Human Resources News & Insights

The seemingly innocent interview questions that could get you in legal hot water

Many times, hiring managers — in an innocent attempt to make an interviewee more comfortable — ask questions that could put the company in legal peril down the line.  

Here are some not-so-obvious questions that could get your company in trouble, and alternate language that will get you the information you need.

The Do’s and the Don’t’s 

Don’t ask: Will you need personal time off? Can you work Sundays?
Try asking instead: Are you able to work our required schedule or OT on occasion?

The first question sounds innocent enough, but it may result in an answer that puts you on shaky legal ground. What if the candidate is three months pregnant, or may need time off to care for an ailing father? If you don’t hire the applicant, you could be looking at a bias or FMLA claim.

Meanwhile, asking if an applicant is able to work weekends, specifically Sunday, can run afoul of religious discrimination laws. It’s also a good idea to avoid asking questions about holidays.

Don’t ask: Do you suffer from any medical conditions?
Try asking instead: Are you able to perform the specific functions of this position?

Under the ADA, making employment decisions based on someone’s health or perception of their health is illegal. However, an individual with a disability still must to be able to perform the essential functions of the job, with or without an accommodation. Make sure to describe these duties as they’re outlined in the posted job description. Most questions concerning a candidate’s health should be asked after a job offer has been made, not before.

Don’t ask: Do you smoke / drink / take any drugs?
Try asking instead: Have you ever been disciplined for violating a company policy?

You’re allowed to ask if legal company policies can be expected to be followed. Asking about general drug use, however, my compel the candidate to tell you about medical conditions/disabilities — and that’s what you don’t want.

Don’t ask a female candidate: Do you plan on having children?
Try asking instead: What are your long-term career goals?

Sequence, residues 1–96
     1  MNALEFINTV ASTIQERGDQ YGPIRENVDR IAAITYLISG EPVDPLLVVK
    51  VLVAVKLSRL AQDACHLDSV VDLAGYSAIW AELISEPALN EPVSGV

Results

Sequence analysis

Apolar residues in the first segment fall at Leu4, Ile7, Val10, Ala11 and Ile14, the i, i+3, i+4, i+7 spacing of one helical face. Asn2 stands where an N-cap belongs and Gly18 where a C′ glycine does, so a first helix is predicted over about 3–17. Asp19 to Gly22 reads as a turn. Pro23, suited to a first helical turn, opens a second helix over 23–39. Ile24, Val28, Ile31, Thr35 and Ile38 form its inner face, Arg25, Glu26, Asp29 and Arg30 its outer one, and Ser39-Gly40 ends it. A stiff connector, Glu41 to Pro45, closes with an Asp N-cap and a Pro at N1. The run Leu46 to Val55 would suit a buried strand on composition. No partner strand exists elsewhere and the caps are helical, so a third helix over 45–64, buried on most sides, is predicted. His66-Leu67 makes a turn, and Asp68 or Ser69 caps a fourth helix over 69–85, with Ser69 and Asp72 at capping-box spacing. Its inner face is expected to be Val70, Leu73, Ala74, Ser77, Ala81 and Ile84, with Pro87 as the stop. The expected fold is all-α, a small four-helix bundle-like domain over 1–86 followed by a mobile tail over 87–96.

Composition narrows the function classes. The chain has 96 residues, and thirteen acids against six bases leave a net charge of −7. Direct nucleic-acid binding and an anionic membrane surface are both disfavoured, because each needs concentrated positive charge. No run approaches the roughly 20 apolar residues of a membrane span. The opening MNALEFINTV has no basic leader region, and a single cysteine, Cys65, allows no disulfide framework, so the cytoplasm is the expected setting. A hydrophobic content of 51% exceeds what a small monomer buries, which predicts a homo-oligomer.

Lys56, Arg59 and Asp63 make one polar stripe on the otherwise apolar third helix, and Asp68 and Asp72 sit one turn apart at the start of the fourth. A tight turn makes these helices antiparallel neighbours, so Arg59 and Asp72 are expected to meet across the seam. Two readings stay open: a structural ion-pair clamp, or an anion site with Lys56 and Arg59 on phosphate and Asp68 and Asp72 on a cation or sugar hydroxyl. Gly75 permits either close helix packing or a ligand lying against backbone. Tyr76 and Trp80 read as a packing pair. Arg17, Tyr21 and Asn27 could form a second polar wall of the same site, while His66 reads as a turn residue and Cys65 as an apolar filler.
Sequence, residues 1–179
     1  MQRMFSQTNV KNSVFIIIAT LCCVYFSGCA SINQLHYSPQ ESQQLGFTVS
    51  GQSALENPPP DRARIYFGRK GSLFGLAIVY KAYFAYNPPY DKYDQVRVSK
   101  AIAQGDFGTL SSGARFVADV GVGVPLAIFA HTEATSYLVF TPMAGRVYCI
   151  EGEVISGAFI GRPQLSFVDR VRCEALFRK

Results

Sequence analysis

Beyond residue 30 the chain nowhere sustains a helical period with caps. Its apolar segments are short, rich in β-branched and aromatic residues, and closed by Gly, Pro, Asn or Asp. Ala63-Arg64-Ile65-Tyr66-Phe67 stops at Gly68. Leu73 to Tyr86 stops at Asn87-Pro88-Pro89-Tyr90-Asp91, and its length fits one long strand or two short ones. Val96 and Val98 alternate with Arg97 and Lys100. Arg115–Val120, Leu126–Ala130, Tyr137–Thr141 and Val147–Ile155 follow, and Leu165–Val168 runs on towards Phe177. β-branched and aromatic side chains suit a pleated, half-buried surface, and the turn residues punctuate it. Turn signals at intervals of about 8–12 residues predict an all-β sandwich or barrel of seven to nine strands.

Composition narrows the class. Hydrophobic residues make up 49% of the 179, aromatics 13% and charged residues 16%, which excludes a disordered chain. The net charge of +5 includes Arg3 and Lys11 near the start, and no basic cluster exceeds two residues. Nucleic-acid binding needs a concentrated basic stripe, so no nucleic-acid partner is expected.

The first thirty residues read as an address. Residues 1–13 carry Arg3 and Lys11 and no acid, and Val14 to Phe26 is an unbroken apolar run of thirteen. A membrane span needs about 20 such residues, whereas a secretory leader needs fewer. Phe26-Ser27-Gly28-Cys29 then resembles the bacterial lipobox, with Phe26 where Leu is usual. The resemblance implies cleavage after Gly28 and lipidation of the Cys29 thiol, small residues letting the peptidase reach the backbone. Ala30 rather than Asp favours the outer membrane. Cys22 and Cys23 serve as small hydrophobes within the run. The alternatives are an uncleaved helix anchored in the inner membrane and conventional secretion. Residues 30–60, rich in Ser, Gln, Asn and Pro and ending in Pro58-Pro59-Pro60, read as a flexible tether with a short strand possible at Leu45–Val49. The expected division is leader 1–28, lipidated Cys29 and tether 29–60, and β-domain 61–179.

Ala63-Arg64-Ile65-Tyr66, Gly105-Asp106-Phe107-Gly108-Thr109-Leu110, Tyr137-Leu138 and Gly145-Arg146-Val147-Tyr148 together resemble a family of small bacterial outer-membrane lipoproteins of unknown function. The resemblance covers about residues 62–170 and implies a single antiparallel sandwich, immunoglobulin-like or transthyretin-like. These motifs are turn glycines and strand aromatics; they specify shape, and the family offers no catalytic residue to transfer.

Asking about career goals is the better question anyway (and not just because the answers to the other questions are illegal to act upon, obviously) because it’ll reveal a candidate’s motivations and what drives them. Both are far better determinates on whether the candidate is a good fit for your company.

Don’t ask: Are you a religious person?
Try asking instead: Are you involved in any professional or trade groups that are related to our industry?

Generally, under the law, a person’s religious beliefs can’t be a factor in a hiring decision, so it’s an area of discussion that’s strictly off-limits. Asking about involvement in professional of trade groups could glean some important information about a person’s knowledge and experience.

Don’t ask: Do you have a husband/wife or a girlfriend/boyfriend?
Avoid this type of question altogether — it’s irrelevant to the hiring decision.

The aim of the question can’t be to figure out a candidate’s sexual orientation. Even though the question is often asked in a friendly attempt to connect with the candidate on a personal level, it’s easily misinterpreted.

Don’t ask: How many sick days did you take last year?
Try asking instead: How many days did you miss at your previous job?

If you’re concerned about absenteeism, this is the way to find out. The candidate might come back with stories about her leisure activities, which could give you some insight into how well she’d fit in your company’s culture.

Don’t ask: Where do you live? How long is your commute?
Try asking instead: Are you able to start work at 8am?

A rather innocuous question that can lead to accusations of discrimination based upon where someone lives. You can also ask if someone is willing to relocate for the job, if it’s required for the position.

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  • Mallory

    Asking a person if they have ever taken illegal drugs could be compelling the applicant to admit they are a recovered drug addict – which is a disability.